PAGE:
Toronto breaks homicide record from 1991, but numbers don't tell whole story

Toronto has broken the record for number of homicides in a year set back in 1991. So does that mean the city is less safe now than it was back then? Probably not.

Statistics include victims of van attack on Yonge Street and shooting rampage on the Danforth

Toronto has broken a record for number of homicides in the city this year. (Christopher Katsarov/Canadian Press)

Toronto has surpassed the record for number of homicides in a year set back in 1991, but that doesn't necessarily mean the city is less safe now than it was back then.

In 1991, Anthony Ennis was at work when he got the call. His father was in the hospital and he needed to get there right away.

So Ennis jumped in a taxi, not yet knowing his father had been shot while driving his cab in Toronto's west end overnight.

"When they announced that he was gone, that was the absolute worst moment of my life," said Ennis. "I could face every single disappointment after that, because that was the worst thing that ever could happen."

Ennis's father, Norman, was shot twice in the back of the head. The 43-year-old died in hospital on Dec.10, 1991. Ennis was 24 at the time.

His father's shooting death — Toronto's 83rd homicide that year — remains unsolved.

Anthony Ennis, 51, right, is older now than his father Norman, left, was when he was killed in his cab in December 1991. (CBC)

Six more people would be killed by the end of that month, setting a deadly record that would stand until it was broken on Nov. 18, 2018.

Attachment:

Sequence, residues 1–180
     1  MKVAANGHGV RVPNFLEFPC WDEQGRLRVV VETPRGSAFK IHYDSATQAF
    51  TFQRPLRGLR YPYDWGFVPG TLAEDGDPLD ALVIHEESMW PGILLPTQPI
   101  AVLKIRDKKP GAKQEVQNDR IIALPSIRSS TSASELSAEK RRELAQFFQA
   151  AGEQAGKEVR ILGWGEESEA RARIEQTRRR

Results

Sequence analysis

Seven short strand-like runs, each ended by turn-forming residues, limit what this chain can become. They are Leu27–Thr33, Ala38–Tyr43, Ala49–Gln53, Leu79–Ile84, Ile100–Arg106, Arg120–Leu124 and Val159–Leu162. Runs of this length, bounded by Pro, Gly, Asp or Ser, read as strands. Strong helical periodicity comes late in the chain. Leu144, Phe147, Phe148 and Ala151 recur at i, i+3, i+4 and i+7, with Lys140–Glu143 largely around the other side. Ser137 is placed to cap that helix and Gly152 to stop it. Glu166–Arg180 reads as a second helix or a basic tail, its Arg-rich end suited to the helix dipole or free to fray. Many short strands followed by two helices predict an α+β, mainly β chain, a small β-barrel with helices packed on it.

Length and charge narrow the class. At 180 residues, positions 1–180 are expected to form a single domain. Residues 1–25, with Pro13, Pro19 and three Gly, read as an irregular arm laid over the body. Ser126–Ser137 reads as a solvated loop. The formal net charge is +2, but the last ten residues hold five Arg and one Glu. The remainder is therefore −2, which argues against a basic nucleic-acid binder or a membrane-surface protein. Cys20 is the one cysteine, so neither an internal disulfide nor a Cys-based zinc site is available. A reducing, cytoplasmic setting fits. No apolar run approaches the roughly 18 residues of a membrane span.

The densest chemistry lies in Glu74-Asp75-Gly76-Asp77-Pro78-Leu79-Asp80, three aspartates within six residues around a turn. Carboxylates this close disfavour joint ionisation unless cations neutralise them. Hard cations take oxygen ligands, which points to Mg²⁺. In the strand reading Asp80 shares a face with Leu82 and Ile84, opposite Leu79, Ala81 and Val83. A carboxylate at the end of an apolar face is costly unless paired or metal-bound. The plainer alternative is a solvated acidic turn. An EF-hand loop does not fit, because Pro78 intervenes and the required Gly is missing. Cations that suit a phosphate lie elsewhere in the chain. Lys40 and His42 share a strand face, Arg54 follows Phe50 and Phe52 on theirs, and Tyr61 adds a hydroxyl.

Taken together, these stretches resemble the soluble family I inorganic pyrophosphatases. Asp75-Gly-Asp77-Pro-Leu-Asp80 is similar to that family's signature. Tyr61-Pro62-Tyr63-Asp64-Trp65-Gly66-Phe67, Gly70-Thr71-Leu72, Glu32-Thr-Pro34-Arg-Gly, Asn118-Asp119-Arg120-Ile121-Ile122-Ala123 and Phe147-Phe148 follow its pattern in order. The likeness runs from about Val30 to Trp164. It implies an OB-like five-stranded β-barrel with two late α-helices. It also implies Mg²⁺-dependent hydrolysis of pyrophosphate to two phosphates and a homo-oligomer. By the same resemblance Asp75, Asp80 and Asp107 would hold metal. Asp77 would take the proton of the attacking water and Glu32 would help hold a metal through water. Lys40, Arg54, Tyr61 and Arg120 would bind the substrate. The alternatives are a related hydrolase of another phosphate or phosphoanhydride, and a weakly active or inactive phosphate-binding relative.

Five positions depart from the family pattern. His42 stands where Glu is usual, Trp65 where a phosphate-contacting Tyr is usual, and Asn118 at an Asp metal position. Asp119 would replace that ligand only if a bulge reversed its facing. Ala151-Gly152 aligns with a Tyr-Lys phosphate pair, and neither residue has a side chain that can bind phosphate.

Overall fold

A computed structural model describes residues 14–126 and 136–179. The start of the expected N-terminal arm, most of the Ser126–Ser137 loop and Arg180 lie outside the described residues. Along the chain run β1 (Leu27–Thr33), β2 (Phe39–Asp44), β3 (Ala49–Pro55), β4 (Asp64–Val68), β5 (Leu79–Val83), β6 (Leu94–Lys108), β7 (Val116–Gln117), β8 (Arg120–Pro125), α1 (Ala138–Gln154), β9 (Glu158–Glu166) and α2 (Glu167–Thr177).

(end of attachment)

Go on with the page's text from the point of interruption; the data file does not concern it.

The shooting death of a man, now identified by Toronto police as 23-year-old Cardinal Licorish, in broad daylight on Sunday afternoon in Scarborough marks the city's 90th homicide. This year's tally includes 10 victims of the van attack on Yonge Street and the slayings of a young girl and woman in the summer shooting rampage on the Danforth.

But criminologist Maria Jung says it's important to keep in mind that incidents like those, while high profile and horrific, aren't the norm in Toronto.

"Homicides are rare to begin with," Jung told CBC Toronto. "The fact we have one incident that's actually contributing more than 10 per cent of the entire year's homicide count does mean that we have to be very careful in thinking this is part of a regular trend."

The Ryerson University professor says while the number of homicides this year has surpassed the record from 1991, the homicide rate per 100,000 residents hasn't — and it's a more telling barometer.

Rate still lower than 1991

Nearly half a million fewer people lived in Toronto back in 1991, so with 89 slayings the homicide rate was 3.9 per 100,000 residents. Right now it's 3.3 per 100,000 with the 90th homicide of the year.

Jung told CBC Toronto that 1991 is considered the peak of both homicides and crime in the city and beyond.

"Across Canada there was a steady rise in crime rates for decades, peaking in 1991 or so, which was also followed by a steady decrease since then," she said. "In 2018, we don't have any indication that we're part of that steady increase in crime trends."

Criminology professor Maria Jung says even with a jump in homicides this year, Toronto is relatively safe compared to a city of similar size like Chicago. (Sue Reid/CBC)

Instead, Jung attributes this year's high homicide count to "a random fluctuation that was higher than we would expect."